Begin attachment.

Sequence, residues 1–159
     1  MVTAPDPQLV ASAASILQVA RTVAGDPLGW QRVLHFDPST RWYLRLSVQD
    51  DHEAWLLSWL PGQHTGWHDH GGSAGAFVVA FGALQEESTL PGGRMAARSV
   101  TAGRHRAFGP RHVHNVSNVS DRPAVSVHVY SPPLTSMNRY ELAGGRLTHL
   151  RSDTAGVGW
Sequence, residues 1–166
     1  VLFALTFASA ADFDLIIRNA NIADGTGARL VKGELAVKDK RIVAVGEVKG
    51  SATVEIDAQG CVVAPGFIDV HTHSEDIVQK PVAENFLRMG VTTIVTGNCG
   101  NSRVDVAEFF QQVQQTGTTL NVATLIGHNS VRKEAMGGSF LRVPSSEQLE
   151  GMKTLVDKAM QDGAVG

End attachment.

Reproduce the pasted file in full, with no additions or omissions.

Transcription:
Sequence, residues 1–159
     1  MVTAPDPQLV ASAASILQVA RTVAGDPLGW QRVLHFDPST RWYLRLSVQD
    51  DHEAWLLSWL PGQHTGWHDH GGSAGAFVVA FGALQEESTL PGGRMAARSV
   101  TAGRHRAFGP RHVHNVSNVS DRPAVSVHVY SPPLTSMNRY ELAGGRLTHL
   151  RSDTAGVGW
Sequence, residues 1–166
     1  VLFALTFASA ADFDLIIRNA NIADGTGARL VKGELAVKDK RIVAVGEVKG
    51  SATVEIDAQG CVVAPGFIDV HTHSEDIVQK PVAENFLRMG VTTIVTGNCG
   101  NSRVDVAEFF QQVQQTGTTL NVATLIGHNS VRKEAMGGSF LRVPSSEQLE
   151  GMKTLVDKAM QDGAVG